When senior CAF leaders became aware of media reports and the corresponding allegations, immediate action was taken to address any ambiguity regarding proper CAF actions and reporting.  General Hillier, then Chief of the Defence Staff, provided clear direction to the chain of command regarding the authority and potential responsibility to intervene in abusive situations during the Afghan mission. His remarks to the Commons Defence Committee in June of 2008 were widely quoted by media outlets. “We have all the authority we need… if somebody is being seriously abused and we are witness to it, we are not going to stand by,” said General Hillier, adding he'd just “reconfirmed that direction through the entire chain of command into Kandahar province.” The CDS direction was widely transmitted to the troops serving in Kandahar via the military orders process and senior CAF leaders raised the matter during discussions with deployed troops.

Pre-deployment training

The CAF took steps to improve the training and preparations of personnel scheduled to deploy overseas, including enhancing training on the law of armed conflict as well as improved cultural awareness training. Among several enhancements brought forward since 2007, the Canadian Army training system has further developed and implemented scenarios that require CAF personnel to analyze and act on ethical issues and international human rights violations, including reports of abuse of women and children in an area of operation. During pre-deployment training, commanders and soldiers are mentored on providing a proper and effective response to reports of alleged incidents of abuse or exploitation in various forms.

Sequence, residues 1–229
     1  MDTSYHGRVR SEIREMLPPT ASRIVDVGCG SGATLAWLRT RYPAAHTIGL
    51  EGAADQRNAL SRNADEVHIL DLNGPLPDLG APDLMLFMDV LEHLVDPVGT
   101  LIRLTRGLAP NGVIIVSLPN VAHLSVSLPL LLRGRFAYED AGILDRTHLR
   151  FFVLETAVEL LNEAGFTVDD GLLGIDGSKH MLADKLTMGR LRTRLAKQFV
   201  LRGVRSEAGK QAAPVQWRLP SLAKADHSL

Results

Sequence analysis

Ethics training

In 2013, the CAF issued a new Code of Values and Ethics. Ethics training programs for the CAF are reviewed regularly to ensure that ethics is an integral part of training and education curriculums at all levels of professional development. The CAF is also in the process of completing the second edition of Duty with Honour: The Profession of Arms in Canada, a manual first published in 2003, and revised in 2009 as a cornerstone document of the CAF professional development system. The manual presents the theoretical and philosophical underpinnings of the Profession of Arms, how in practice it serves Canada and Canadian interests, and what it means to be a Canadian military professional.

Reporting of incidents

The CDS will direct that deployed CAF commanders report on any violations of applicable Canadian and international law, including Law of Armed Conflict and International Human Rights Law such as the use of child soldiers, torture, inhuman treatment, and sexual assault upon children and other vulnerable populations such as women, religious minorities and persons with disabilities. Further, the Code of Conduct is in the process of being amended to expand the current requirement for CAF personnel to report any violation of the Law of Armed Conflict (LOAC) to include direction to report sexual assault upon children and potentially other vulnerable populations, depending on the nature of the mission. Amendments to the Code of Conduct will occur in conjunction with amendments to the Intermediate Law of Armed Conflict Course (ILOAC), which has been under review since July of 2015.

Rules of Engagement